Now, also, from Al-Hassan-Ibn-Al-Hassan, who says, I think it was Ibn-Masúd who narrated and said, The prophet Idrís (peace be with him !) prayed a prayer, and commanded that they should not give their minds to silly trifling ; but

And this was the prayer :-“O thou majestic and bounteous One! O thou Eternal One! there is no God but thee. Thou art the

pray it.

helper of all who take refuge in thee; the guardian of all that seek thy aid; the assurer of all who fear. O God ! if in the book of thy decrees it is laid down that I must suffer misery, and straítened circumstances, and a scanty supply of needful things; then, O God! obliterate therefrom my misery, my wants, my deficiency of necessary things; and assure to me (happily, in the right way, most adapted for the attainment of good,—the way by which thou revealest the means of obtaining sufficient supply), assure to me that competence which may supply my needs: for thou hast said it. Thy true and faithful word is in thy book, which thou didst send down to thy apostolized Prophet, viz. God wipes out whatsoever he willeth, and confirms whatsoever he willeth; for with him is the source and origin of all the decrees of the book. Also, observes the same author, he will obtain in the end abundance of good, and receive an overflowing fortune; being abundantly presented with rewards and recompenses. Moreover, many good and worthy people go to the Temple, and, whilst entering the glorious Rock, use the words which a certain old Shaikh, who had been one of David's comrades, (may peace be with him !) taught to his son Solomon (peace be with him !) when he found it a difficult matter to open the gate ; viz. “O God,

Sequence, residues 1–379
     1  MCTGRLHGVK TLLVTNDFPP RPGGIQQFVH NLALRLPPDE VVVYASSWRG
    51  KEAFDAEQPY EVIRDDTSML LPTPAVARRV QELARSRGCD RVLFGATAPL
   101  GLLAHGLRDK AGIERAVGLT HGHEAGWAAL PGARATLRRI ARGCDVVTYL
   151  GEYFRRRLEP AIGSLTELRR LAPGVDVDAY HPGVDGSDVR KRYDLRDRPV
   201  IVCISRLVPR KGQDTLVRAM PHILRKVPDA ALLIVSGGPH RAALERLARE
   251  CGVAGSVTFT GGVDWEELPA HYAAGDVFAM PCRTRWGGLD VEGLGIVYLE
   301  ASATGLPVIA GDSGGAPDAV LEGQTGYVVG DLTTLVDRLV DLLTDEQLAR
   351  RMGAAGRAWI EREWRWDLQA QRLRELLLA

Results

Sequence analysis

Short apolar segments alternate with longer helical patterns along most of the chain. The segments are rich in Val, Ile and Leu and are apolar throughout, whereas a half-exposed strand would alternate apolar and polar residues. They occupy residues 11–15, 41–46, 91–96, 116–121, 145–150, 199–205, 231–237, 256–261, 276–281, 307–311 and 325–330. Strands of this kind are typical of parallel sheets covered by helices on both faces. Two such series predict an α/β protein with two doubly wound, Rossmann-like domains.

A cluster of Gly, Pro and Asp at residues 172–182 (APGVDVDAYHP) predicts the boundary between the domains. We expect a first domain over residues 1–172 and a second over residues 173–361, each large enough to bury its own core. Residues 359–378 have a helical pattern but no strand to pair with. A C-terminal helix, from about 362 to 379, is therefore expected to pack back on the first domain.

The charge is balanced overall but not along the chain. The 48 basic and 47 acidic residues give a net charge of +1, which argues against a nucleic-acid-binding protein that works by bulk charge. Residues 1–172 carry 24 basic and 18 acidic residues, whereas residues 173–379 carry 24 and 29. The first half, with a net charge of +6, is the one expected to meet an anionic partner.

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thou shalt lead me by thy light, in the true path,
for the time to come, as we have been told thou
didst in time past.” It is very much to be pre-
ferred that thou shouldst


when the Rock is entered. Let him that entereth place his hands upon it, but not kiss it, as we have enjoined ; although I have seen one who saluted all the points of the Rock, and kissed more especially its lower part, near the Gate of Compassion. For this there is no authority or quoted opinion.

Now, for the unfavourable acceptation of the praising prayer upon the surface of the Rock, we find, from the author of The Resurrection of Spirits,' and the Keys of all matters thereon dependent,' and from a part of his ‘Sunna,' derived from Abu-Al-Huraira, the Kadi, that thanksgiving prayer is unacceptable in the seven chapels on the area of the Kaaba, and upon the surface of the Rock of the Baitu-l-Mukaddas, and Mount Sinai and the Mount of Olives, and Al Safá, and Marut, and Mount Arafat. Nevertheless, he says, in his *Keys:' Our companions insist upon the necessary excellence of prayer upon the broad part of the Kaaba, where the building is kissed; upon a space of three cubits square. They are led by a tradition, that the Prophet (the peace and blessing of God be with him!) prayed within the Kaaba, whilst several of his neighbours were there. But